The abandonment of the struggle for national democracy & sovereignty

The Irish state today (16th January) marked the final act of the British colonial Lord Lieutenant of Ireland in handing over Dublin Castle – the seat of British administration and control – to the Provisional Government. This act was a follow-on from the signing of the “Articles of Agreement” on 6th December 1921, an agreement between a delegation representing the Government of the Irish Republic and the British Government, accepted by the signatories under the threat of an immediate and bloody war on the Irish by the British occupation forces. The “Articles” were promoted subsequently as an “Anglo-Irish Treaty”. 

That agreement failed to deliver an independent Irish Republic as envisaged in the 1916 Proclamation, the 1919 Declaration of Independence, and the Democratic Programme of the revolutionary Dáil Éireann. But rather it reflected in its institutions the strategy of British imperialism to partition Ireland in order to secure and retain its economic, political and military interests and control over the people of Ireland. It was implemented by a brutal civil war against the defenders of the Republic and the establishment of a Free State in which the native capitalist class collaborated with imperialism. 

The signing of the “Treaty” and the hand- over of Dublin Castle copper-fastened the betrayal of the struggle for national independence and sovereignty. The forces who accepted partition were happy to be subservient to the needs of imperialism in Ireland and remain so to this day.

The economic, political and sectarian landmines planted by the British colonial power to undermine and thwart the national goal of an all-Ireland sovereign independent democratic state, and they continue to explode. Our people have experienced two failed economic, political and social British constructs in our country. Both entities have blighted the lives of generations of our people since their establishment by force by the British and their colonial collaborators. 

An estimated 1.5 million have been forced to emigrate. Our people have lived under the tyranny in the 26 counties of reactionary economic, social and moral policies while the people in the Six Counties have had to bear a century of institutionalised sectarianism, poverty, discrimination and repression.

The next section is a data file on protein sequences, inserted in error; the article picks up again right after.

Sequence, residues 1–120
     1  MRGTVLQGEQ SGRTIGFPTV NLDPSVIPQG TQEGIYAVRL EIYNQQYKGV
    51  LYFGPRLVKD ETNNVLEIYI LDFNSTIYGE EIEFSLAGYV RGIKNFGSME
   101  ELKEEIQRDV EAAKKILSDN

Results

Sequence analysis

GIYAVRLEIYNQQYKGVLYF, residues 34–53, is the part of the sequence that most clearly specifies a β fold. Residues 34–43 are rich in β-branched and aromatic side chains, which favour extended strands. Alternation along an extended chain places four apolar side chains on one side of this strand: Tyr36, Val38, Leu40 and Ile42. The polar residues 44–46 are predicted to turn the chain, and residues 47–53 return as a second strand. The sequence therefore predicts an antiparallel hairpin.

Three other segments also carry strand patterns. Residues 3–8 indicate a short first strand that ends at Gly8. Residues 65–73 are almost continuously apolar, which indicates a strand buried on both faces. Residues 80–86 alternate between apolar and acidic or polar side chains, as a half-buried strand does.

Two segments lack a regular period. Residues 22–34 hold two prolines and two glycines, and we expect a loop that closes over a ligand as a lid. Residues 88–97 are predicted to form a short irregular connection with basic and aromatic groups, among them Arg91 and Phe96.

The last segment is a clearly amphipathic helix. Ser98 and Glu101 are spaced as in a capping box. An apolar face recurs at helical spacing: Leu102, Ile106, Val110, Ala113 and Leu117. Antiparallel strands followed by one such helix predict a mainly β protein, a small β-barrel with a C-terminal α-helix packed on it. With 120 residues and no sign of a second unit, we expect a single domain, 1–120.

Today our people across Ireland are experiencing mass homelessness, exploitative rents imposed by both the local landlord class and the absentee landlords of the vulture fund owners. Peoples experience a life of uncertainty at work amid oppressive working conditions and precarious health, a life which continues into a lack of proper provision in old age. 

The great betrayal of a century ago continues to haunt the people of Ireland. The aspiration and goals contained in the 1916 Proclamation and the Democratic Programme remain unfulfilled. 

The gombeen class may have gathered in Dublin Castle today to raise the tricolour and to self-congratulate themselves on a job well done. What they celebrate in Dublin Castle today is not the achievement of Irish independence but its abandonment and betrayal. But history and the lived experienced of working people from Derry to Kerry tells a different story. 

In the present day, we are also exploited by the imperialist powers of the USA and the European Union, with the willing co-operation of the Irish capitalist class, which lives comfortably on the crumbs from the table.

We are reminded of the prophetic words of James Connolly “If you remove the English army tomorrow and hoist the green flag over Dublin Castle, unless you set about the organization of the Socialist Republic your efforts would be in vain. England would still rule you. She would rule you through her capitalists, through her landlords, through her financiers, through the whole array of commercial and individualist institutions she has planted in this country and watered with the tears of our mothers and the blood of our martyrs.”